Intrafraction guide in laryngeal radiotherapy allows us to adjust target margins and target dose more precisely, especially for stereotactic treatments and controls the maximum deviation of the target for each fraction. Although the image quality of pre-treatment-CBCT and intrafraction-CBCT scans were lower than the image quality of planning CT, generally, a deviation of less than 1 mm was observed in the LR, CC and AP directions during treatment. In Kwa et al.'s[12] study, single vocal cord of T1a for inter and intra-tracheal target motions in laryngeal tumours for 42 patients was examined. It was found that 3 mm, 5 mm and 3 mm PTV margins were added in sufficient image guidance and LR, CC and AP directions to ensure excellent target coverage in a single vocal cord. In Kauweloa et al.'s[13] study, the respiratory- induced larynx movement in the HYDRA (Phase 1 Trial of Stereotactic Hypo-fractionated Radio-ablative Treatment of Laryngeal Cancer) studies was examined. This study aimed to evaluate laryngeal movements by four-dimensional computed tomography and breathhold technique and to determine PTV margins. The laryngeal motion on daily CBCT images was obtained as a maximum of 7.21 mm. Although daily treatment verification for breath-hold patients was up to 7.21 mm interfaction laryngeal movement, intrafractional larynx motion was less than 2.1 mm. In our study, we observed less intrafraction movement with maximum neck extension. Baron et al.'s[14] study aimed to determine the setup errors and the required CTV-PTV margins depending on the larynx movement. In this study, images of 7 HNC patients who received radiation therapy with daily CT monitoring were used. Daily patient CT on rails scans were imported into a treatment planning system, and both C5 and the thyroid cartilage were auto-segmented. The average mean displacement for each anatomical point was 4.1 mm (range, 2.7-5.1), the average systematic error for each point was 1.2 mm (range, 0.86-1.5), the average random error for each point was 2.1 mm (range, 1.3-2.8), and the average CTV-PTV margin for each point was 4.4 mm (range, 3.3-5.7). Larynx motion is a significant cause of RT setup/delivery error in HNC when the larynx is either in a CTV or OAR. The need for uniform expansion of at least 6 mm to compensate for larynx motion was estimated. In Gangsaas et al.'s[15] study, the variation of inter-faction setup for primary tumours, elective nodes and vertebrae in laryngeal cancer patients were investigated and the validity of CBCT guided correction protocols was examined. Because of the poor correlation between displacements of the primary CTV and the vertebrae, even with daily online repositioning of the vertebrae, the required margin around the primary CTV was 6.9 mm. Laryngeal cancer patients showed substantial inter-fraction setup variations, including large time trends and poor correlation between primary tumour displacements, and the motion of the nodes and vertebrae. In Bahig et al.'s[16] study, the movement of the larynx in twenty patients was examined. Mean amplitude of larynx swallowing excursion was obtained 23 mm and 6 mm in the superior and anterior directions. The mean breathing movement was found to reach 4 mm and 2 mm in the superior-inferior and antero-posterior directions. In our study, swallowing is prevented by maximum neck extension. In Bruijnen at al.'s[17] study, eighty-four head and neck patients with 3T MRI were examined. Approximately five minutes after the scan, the tumour was scanned for one minute with the 2D sagittal cine-mode. Therefore, the intra-fraction movements were detected. The movement of the intra-fraction tumour to its origin was calculated and PTV margins were re-calculated. As a result of the study, the margin recipe primarily expanded the PTV approximately 0.2 cm for laryngeal tumours. Movement in the vocal cord is caused by swallowing, sound production, breathing and reflexes. In our clinic, even though the mask is made according to the maximum neck extension, there may still be movement. In general, less than 0.1 cm of motion on average is observed in all three dimensions in our study. In 305 fractions for 16 patients, if the CTV-PTV safety margin was 1 mm, it could be treated with confidence interval of 96% in the lateral direction, 86.2% in the longitudinal direction and 85.2% in the vertical direction. If the CTV-PTV safety margin was 0.2 cm, it could be treated in the lateral direction at 100%, in the longitudinal direction 94.1% and in the vertical direction 96.1%, with a confidence interval. More deviations were observed in vertical and longitudinal directions due to cartilage movement.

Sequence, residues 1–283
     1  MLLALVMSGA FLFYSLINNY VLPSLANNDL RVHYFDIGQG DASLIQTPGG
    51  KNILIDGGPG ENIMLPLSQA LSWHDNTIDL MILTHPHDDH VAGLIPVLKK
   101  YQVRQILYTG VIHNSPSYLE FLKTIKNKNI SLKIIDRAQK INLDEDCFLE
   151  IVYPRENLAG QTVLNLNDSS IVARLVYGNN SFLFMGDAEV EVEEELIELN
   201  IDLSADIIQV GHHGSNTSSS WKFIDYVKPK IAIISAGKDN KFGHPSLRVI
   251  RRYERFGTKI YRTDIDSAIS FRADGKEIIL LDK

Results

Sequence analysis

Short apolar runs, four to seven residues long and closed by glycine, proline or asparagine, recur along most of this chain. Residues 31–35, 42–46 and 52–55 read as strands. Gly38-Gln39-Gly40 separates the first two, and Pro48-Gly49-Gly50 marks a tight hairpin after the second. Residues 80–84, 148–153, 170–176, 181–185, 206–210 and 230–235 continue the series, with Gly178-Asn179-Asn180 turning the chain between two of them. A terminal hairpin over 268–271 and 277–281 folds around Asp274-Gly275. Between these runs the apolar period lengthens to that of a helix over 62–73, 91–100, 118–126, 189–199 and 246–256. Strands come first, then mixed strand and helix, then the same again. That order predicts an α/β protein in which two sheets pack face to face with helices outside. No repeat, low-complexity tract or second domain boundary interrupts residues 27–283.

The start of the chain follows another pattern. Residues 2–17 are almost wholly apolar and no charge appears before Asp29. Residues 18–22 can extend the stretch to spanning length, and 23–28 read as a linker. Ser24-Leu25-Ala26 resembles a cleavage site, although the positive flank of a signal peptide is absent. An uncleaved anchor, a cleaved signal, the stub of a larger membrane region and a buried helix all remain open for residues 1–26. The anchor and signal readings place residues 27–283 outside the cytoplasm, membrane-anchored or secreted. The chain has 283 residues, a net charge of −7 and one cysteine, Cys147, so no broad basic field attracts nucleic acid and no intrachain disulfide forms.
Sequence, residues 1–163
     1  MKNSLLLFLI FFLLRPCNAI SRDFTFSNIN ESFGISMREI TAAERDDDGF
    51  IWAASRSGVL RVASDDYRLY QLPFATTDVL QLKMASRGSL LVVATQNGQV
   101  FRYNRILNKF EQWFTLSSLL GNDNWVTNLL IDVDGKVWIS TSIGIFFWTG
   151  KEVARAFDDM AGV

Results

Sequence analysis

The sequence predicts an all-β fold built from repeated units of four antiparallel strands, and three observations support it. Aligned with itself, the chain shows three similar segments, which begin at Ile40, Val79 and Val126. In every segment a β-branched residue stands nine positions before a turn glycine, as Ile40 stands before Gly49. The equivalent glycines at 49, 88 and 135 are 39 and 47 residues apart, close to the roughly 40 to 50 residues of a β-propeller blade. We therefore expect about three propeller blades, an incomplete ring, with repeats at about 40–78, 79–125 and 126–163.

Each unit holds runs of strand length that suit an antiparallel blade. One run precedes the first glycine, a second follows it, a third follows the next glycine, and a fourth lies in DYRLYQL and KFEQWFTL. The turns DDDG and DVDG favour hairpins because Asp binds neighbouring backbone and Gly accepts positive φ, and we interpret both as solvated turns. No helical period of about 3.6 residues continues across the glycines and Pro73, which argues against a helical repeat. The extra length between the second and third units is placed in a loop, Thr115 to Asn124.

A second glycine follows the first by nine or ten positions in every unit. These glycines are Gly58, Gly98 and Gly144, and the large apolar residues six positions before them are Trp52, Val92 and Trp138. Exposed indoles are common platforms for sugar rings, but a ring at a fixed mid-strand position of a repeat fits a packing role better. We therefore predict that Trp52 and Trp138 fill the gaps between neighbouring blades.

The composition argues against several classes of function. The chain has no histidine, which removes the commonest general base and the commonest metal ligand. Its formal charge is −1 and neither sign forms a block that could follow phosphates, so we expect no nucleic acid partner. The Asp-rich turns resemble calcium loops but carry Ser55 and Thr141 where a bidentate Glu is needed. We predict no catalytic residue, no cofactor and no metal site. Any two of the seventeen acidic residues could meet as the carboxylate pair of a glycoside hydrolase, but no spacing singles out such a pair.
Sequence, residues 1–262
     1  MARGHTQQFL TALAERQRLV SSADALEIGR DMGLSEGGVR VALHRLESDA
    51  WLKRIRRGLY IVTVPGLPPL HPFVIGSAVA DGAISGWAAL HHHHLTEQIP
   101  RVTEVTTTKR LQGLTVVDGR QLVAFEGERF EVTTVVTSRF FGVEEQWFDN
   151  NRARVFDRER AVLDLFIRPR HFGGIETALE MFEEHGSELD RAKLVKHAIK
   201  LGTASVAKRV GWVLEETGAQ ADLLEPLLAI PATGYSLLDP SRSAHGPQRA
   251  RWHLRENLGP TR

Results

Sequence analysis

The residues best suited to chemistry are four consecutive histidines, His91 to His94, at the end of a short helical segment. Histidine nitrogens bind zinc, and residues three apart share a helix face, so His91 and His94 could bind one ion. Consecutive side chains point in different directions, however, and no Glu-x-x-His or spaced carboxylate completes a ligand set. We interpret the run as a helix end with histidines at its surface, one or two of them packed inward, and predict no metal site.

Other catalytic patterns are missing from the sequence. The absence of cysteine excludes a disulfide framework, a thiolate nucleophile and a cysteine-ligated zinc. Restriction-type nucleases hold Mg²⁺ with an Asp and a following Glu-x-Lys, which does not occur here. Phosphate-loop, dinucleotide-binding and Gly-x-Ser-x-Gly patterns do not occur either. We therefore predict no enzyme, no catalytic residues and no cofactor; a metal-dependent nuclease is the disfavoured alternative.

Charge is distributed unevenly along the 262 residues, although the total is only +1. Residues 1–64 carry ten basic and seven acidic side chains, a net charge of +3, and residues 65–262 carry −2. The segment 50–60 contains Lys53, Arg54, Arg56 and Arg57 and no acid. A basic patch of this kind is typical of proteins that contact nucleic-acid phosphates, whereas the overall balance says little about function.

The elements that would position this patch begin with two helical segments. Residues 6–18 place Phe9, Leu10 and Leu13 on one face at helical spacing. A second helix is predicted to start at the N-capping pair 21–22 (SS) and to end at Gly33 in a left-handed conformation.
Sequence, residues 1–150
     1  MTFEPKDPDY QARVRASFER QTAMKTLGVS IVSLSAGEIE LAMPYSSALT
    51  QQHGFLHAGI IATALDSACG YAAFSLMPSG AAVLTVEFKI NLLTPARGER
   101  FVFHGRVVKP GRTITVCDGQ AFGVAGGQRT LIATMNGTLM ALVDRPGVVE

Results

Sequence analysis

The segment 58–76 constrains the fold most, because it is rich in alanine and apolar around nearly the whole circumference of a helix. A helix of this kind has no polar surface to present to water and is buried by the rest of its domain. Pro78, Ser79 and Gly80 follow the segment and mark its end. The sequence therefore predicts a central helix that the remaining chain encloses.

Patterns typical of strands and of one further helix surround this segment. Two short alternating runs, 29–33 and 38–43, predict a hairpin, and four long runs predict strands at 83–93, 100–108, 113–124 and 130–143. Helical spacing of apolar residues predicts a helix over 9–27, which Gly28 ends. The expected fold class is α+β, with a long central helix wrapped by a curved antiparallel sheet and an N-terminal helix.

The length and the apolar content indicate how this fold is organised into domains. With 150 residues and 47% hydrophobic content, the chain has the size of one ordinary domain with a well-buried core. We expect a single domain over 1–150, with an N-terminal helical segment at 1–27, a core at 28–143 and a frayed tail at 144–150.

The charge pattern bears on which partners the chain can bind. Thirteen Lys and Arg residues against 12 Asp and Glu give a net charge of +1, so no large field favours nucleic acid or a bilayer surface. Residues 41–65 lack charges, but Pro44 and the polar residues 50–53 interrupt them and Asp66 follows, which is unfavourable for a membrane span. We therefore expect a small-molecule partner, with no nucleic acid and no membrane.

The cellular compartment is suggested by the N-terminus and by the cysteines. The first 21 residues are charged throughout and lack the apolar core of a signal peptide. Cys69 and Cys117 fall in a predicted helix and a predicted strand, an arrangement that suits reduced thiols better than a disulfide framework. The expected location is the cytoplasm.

For each patient, the maximum movement of the target volume should be determined in the first days of treatment. And if necessary, the safety margins must be readjusted. In our study, the maximum neck extension is restricted with motion and even if there is a maximum deviation of 2 mm with intrafractional monitoring, we treat with a confidence interval of over 94%. Thus, it is a guiding study for hypofractionated/ stereotactic treatments. Swallowing is rare and fast. If swallowing occurs during the performance of a CT scan, there is a systematic risk of targeting errors. To minimize the possibility of this error and the possibility of other sources of motion as well, the mask should be made with maximum neck extension. As a result of our study in our clinic, movement is restricted with maximum neck extension, and CTV-PTV is 0.2 cm margin. The possible systematic and random errors are prevented by the intrafraction CBCT guide.

In stereotactic treatments, the motion should be restricted in to reduce possible errors. The possible amount of movement must be determined and the safety margins must be adjusted accordingly.

Peer-review: Externally peer-reviewed.

Conflict of Interest: None declared.

Financial Support: None declared.

Authorship contributions: Concept - İ.F.D., Ö.E.U.; Design - İ.F.D., B.T., Ö.E.U.; Supervision - İ.F.D.; Funding - None; Materials - İ.F.D., B.T., Ö.E.U.; Data collection and/or processing - İ.F.D., B.T., Ö.E.U.; Data analysis and/or interpretation - İ.F.D., B.T., Ö.E.U.; Literature search - İ.F.D.; Writing - İ.F.D., B.T., Ö.E.U.; Critical review - İ.F.D., B.T., Ö.E.U.